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Abolish the Monarchy



I understand the objections to the monarchy’s existence, but the arguments for reforming rather than abolishing it have always seemed to me to be based on dubious grounds. In the last few years, the royal family has been the subject of a number of contentious debates and aroused vehement passions. Whilst you would think this natural considering the economic crisis, a large number of these debates have shied away from addressing the obvious ethical and financial issues involved in support for monarchy. Instead, there has been severe criticism of the fact Catholics are disbarred from ascending the throne, as well as the long-standing tradition of primogeniture, which results in girls being passed over in the line of succession in favour of male heirs. Modern liberal crusaders have decried these conventions as the anachronistic leftovers of a medieval mentality. Such practices, they argue, enshrine discrimination and are completely unsuited to an age of religious and gender equality.  But these debates seem to be blind to an obvious point. The monarchy is, by definition, institutionalized discrimination, premised on the inherently illiberal notion that successive generations of one family are vested with an exclusive right to reign over us in perpetuity.

This is why the most recent changes to the law of succession granting equal treatment to male and female heirs, announced last week, have such an absurd air to them. As though eager to underscore the ridiculous charade, Nick Clegg praised the reforms as marking an ‘historic moment for our country and our monarchy.’

Apparently the two are inseparable in the mind of the man who has done more than most to set back the cause of meritocracy in Britain by several decades.  This is the same Nick Clegg who reneged on his earlier pledge to abolish tuition fees, proceeding to triple the cost of a university education and render it unaffordable for low-income families. It’s nonetheless reassuring to know that he wasn’t prepared to betray all his principles by entering into coalition with the Conservatives, and that the concessions weren’t, in the end, entirely one-way.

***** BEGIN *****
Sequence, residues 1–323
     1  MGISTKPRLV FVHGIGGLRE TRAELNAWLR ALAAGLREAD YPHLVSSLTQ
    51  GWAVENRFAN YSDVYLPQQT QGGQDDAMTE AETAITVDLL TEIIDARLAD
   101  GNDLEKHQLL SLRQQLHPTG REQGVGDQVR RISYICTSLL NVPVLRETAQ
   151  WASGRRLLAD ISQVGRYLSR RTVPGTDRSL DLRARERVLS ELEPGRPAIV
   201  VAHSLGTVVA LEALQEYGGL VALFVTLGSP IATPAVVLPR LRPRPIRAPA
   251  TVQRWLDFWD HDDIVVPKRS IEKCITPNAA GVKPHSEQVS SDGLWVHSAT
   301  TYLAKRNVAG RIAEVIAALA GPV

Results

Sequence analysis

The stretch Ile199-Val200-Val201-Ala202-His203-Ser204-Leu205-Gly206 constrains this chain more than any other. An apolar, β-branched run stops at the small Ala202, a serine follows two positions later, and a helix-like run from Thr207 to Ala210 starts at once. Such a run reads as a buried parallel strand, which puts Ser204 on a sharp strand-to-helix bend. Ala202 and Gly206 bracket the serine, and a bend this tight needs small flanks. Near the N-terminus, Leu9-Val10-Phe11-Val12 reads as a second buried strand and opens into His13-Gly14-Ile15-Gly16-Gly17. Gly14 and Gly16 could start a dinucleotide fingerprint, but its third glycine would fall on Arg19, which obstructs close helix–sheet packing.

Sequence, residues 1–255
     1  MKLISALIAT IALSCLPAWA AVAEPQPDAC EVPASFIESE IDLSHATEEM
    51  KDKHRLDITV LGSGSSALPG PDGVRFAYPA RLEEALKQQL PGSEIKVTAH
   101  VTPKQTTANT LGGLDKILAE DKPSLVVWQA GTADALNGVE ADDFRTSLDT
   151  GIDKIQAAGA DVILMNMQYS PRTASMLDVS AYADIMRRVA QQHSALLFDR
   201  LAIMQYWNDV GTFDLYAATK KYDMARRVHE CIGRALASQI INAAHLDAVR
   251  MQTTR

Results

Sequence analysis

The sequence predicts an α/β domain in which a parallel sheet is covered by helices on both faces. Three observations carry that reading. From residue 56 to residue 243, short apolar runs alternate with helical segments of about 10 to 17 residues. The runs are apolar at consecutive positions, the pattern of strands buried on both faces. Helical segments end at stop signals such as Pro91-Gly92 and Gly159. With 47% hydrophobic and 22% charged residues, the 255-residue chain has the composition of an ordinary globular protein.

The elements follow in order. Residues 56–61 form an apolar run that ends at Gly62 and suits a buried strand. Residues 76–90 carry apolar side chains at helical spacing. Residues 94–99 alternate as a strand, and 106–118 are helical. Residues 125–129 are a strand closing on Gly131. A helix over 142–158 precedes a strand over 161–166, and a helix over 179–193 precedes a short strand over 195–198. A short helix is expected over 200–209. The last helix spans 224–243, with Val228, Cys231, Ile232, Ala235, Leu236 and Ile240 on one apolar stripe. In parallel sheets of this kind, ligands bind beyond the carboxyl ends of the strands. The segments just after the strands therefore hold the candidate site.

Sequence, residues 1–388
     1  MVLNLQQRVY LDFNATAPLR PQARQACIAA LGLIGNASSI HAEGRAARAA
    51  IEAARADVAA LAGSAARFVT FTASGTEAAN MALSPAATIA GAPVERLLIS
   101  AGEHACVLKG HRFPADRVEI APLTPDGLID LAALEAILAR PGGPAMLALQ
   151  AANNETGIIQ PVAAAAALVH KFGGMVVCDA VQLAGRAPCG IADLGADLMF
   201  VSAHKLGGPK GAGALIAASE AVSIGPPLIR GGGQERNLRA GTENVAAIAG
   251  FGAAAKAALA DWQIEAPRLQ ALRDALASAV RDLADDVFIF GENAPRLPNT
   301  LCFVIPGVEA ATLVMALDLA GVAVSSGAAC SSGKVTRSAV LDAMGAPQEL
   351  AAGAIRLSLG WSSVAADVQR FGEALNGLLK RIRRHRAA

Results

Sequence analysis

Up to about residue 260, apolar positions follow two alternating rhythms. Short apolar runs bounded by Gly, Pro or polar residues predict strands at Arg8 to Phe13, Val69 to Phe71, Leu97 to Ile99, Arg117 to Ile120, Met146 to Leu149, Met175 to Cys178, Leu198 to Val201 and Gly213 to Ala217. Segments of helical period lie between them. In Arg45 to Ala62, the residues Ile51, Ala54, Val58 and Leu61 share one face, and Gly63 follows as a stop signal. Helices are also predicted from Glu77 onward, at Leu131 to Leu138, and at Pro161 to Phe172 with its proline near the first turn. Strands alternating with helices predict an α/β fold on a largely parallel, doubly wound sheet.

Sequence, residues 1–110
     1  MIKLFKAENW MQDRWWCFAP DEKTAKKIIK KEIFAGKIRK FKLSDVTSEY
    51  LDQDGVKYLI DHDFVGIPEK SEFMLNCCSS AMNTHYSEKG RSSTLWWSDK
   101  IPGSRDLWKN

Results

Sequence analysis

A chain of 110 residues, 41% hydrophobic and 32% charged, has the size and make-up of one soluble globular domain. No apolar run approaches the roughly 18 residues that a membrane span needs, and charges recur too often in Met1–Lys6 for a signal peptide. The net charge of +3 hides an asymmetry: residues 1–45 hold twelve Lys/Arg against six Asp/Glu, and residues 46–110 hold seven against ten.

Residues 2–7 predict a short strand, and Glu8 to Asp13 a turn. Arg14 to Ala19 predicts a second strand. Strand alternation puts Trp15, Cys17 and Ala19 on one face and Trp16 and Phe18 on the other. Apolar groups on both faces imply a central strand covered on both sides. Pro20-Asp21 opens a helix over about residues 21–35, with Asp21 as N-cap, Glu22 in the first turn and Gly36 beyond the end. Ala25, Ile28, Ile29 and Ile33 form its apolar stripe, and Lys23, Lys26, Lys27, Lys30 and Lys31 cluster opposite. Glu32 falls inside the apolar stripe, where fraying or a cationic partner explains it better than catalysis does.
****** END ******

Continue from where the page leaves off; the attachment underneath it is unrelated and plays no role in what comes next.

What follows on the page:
But though Nick Clegg might be comforted by the knowledge that should a girl be born to William and Kate, she will not be discriminated against because of her gender, it’s hard to see exactly how this fatuous piece of legislation aids in the fight for equality of opportunity.  In fact, it entrenches discrimination through a series of cosmetic changes, assuaging the superficial sensibilities of liberals who seem incapable of fathoming the contradictory nature of their support for monarchy. More to the point, the reforms are emblematic of the shallowness of the current political discourse on combatting inequality. British society is riven with discrimination. Like the royal family, the British elite is a self-perpetuating clique that passes on its privileges from generation to generation, heedless of all the periodic outpourings of support for meritocracy from politicians. Rates of social mobility are now at their lowest since the 19th century, and the rich have never been richer.  The recession has only brought into sharper relief the innumerable ways in which this elite has retained its monopoly on the country’s wealth for so long.  Lengthy unpaid internships, for instance, operate to weed out those from lower-income families, ensuring that highly paid jobs go to those from a suitably moneyed milieu. Connections are essential to obtaining the most prestigious internships, and a word to a family friend often gives the inexperienced university graduate their first foot in the door. The aristocratic principle never truly died. Nowadays, nepotism and cronyism in the workplace ensure much the same result as inherited titles once did.